Hard to believe, but it has already been about five years since I started working at Capitol Rehab of Arlington. That also marks around the time since I started running. I’ve run a lot of 5Ks since then and even a few half-marathons, but who knew in that short space of time, I’d end up running the Marine Corps Marathon?

Every run is challenging because running without chasing a ball or someone with a ball doesn’t come easily to me, both psychologically and with regard to stamina. Tell me to play basketball, I’ll do that all day, no problem.  But a point-to-point jog where I rely solely on myself and set my own goals and determine my own achievements? That was a difficult transition.

Though I work with a lot of runners at Capitol Rehab, I had always said to myself, “I’ll never run a marathon, that’s just crazy. A half-marathon is far enough for any sane person.”

This year, however, I changed my mind — or I lost my sanity. In January, a patient mentioned the 17.75K Marine Corps race that is run every March down near Quantico, not far from where I live. He noted that finishing this race would make me eligible for automatic entry into the Marine Corps Marathon (MCM) should I choose to enter.

After doing the math and seeing that 17.75K is a smidge over 11 miles, I thought I could do it. It’s shorter than a half-marathon, and if I was feeling ambitious and crazy enough, I could registered for the MCM. I signed up for the Quantico race. By summer, I had run two more half-marathons, but I wasn’t happy with my timing or stamina.

During my prior years of running, I had never followed a training program. As I was contemplating running the Marine Corps Marathon, one of my sisters-in-law — a marathon runner who has run multiple Boston Marathons — told me of Hal Higdon and his training programs.

I chose to join a Higdon program, which consists of three days of running per week along with three days of cross-training.  As behaved as I was about keeping up with the mileage guide, I was pretty bad with sticking to the cross-training.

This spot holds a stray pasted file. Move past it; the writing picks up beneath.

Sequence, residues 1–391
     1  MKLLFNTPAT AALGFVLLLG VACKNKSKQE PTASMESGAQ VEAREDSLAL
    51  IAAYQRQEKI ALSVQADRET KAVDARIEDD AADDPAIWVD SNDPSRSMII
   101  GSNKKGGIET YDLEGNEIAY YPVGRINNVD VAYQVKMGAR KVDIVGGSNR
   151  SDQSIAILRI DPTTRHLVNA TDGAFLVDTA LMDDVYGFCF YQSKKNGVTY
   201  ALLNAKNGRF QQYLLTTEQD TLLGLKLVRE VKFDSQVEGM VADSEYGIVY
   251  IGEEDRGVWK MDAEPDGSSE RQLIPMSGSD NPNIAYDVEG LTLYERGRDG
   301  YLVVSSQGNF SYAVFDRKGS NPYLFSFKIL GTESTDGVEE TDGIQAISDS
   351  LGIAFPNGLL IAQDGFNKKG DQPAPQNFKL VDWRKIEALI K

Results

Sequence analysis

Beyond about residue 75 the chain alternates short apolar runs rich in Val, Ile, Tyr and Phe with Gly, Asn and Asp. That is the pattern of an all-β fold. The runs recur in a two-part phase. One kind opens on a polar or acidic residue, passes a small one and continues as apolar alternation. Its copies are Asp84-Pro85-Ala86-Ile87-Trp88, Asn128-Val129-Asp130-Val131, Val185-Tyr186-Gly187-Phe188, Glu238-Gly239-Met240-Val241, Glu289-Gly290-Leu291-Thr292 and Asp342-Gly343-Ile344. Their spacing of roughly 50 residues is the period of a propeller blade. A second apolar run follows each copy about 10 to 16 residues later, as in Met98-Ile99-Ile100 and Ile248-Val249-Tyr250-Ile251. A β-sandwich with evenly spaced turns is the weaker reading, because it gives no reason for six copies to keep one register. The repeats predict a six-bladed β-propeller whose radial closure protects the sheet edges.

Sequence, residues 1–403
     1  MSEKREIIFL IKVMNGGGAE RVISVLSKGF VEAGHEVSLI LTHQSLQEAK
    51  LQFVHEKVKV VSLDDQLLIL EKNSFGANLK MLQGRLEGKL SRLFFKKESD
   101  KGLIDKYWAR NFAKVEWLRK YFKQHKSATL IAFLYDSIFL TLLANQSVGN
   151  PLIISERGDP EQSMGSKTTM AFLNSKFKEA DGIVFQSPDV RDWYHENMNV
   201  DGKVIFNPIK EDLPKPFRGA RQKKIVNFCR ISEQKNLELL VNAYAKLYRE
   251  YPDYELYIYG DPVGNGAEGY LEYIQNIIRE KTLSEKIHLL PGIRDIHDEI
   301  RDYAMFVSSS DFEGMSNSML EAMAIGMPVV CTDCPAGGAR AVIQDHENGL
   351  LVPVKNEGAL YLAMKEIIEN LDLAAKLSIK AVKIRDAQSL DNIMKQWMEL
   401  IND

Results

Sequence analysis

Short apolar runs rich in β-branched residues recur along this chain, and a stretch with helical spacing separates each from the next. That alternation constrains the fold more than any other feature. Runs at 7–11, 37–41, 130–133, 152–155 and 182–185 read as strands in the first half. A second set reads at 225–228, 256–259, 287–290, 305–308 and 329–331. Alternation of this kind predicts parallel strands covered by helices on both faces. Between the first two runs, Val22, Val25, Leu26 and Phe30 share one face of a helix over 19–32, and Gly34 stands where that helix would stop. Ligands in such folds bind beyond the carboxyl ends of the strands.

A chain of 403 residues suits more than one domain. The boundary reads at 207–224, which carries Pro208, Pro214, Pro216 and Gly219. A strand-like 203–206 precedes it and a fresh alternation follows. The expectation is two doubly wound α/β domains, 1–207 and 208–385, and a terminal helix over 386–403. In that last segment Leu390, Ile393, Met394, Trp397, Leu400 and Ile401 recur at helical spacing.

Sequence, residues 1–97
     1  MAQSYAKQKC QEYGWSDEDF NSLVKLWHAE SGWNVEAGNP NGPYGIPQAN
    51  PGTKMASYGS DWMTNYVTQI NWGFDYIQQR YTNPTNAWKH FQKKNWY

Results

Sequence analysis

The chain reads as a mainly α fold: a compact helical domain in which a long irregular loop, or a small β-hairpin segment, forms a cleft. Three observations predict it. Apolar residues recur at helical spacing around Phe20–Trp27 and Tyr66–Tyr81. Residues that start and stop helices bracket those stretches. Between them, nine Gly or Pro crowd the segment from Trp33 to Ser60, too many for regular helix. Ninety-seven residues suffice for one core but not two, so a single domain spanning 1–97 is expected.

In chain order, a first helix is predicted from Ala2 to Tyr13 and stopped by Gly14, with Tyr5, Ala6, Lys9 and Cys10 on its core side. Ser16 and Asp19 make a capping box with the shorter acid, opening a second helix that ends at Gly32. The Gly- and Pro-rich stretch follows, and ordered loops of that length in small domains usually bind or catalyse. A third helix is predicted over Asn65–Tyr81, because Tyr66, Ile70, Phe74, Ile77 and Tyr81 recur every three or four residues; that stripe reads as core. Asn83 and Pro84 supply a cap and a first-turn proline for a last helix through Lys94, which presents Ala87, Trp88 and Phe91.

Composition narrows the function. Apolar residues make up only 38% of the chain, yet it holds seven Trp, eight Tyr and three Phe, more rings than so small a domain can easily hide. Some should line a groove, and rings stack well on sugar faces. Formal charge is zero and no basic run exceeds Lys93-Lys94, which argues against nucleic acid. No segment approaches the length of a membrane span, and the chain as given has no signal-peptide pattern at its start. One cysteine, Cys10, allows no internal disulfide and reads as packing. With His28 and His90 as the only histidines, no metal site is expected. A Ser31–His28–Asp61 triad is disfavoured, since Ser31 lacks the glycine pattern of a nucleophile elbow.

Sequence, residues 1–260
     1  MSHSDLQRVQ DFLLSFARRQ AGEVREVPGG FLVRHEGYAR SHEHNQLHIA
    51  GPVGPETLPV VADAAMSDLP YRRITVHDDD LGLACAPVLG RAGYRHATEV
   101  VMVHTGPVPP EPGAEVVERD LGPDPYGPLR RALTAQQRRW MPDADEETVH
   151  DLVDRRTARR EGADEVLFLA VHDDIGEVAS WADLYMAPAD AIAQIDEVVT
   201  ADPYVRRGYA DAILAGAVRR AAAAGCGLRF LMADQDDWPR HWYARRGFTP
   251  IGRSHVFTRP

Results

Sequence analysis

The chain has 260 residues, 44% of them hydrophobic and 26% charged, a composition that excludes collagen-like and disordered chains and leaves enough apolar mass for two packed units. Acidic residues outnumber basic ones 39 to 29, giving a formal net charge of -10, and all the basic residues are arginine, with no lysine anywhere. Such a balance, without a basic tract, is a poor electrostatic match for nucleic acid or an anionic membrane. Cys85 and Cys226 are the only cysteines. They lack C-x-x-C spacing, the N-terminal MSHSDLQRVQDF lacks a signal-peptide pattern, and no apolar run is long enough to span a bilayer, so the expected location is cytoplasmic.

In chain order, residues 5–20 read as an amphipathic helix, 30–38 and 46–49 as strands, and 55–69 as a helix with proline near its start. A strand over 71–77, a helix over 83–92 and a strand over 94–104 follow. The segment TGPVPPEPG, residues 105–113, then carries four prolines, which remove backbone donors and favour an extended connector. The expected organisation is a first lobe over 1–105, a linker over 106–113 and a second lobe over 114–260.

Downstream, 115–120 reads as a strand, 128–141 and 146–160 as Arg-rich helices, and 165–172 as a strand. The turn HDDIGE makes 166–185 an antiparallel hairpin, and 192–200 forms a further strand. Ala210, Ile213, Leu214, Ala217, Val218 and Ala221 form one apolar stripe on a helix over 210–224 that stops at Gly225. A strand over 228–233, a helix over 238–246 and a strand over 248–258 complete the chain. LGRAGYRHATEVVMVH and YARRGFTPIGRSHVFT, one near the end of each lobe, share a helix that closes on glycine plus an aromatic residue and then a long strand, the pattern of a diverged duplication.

I followed the mileage guide to a “t” up until mid- to late-September, when my wife and I went on vacation. When we returned, I got sick for another week or two. I then ran the Navy-Air Force half-marathon on Sept. 16 and set a personal record (PR). Despite slacking in training for a couple weeks, I felt confident going into October.

2018 Marine Corps Marathon Medal Dr. Hatch selfie showing off his MCM Medal at the Iwo Jima Memorial Dr. Hatch MCM finishers photo booth

Race Day

Race day I was feeling really good — not as ready as I could have been, but I’m sure most people don’t feel 100 percent on most of their race days.

The first half of the race went really well. I set a new PR for the half-marathon distance. I also fueled really well both pre- and during the race. At mile marker 14, my hips and upper legs started cramping, which was a familiar feeling during my training. Cramping only got worse the rest of the way, and I walked a lot to try and shake out the muscles, stretch, and beat out the muscle tension. The back half took 50 minutes longer than the first half. Miles 21-25 gave me four instances where I really thought puking was imminent, but I kept it down.

I finished with a time of 4:49, four hours and 49 minutes. Not the best but I’m glad I finished and my recovery was quick. So now, of course, I want to get a better time and try again next year.

Because running isn’t natural for me, I know I need to strengthen my legs and learn better what fueling works best for me, both during training and for race day.

I plan to run the 17.75K in March and start all over.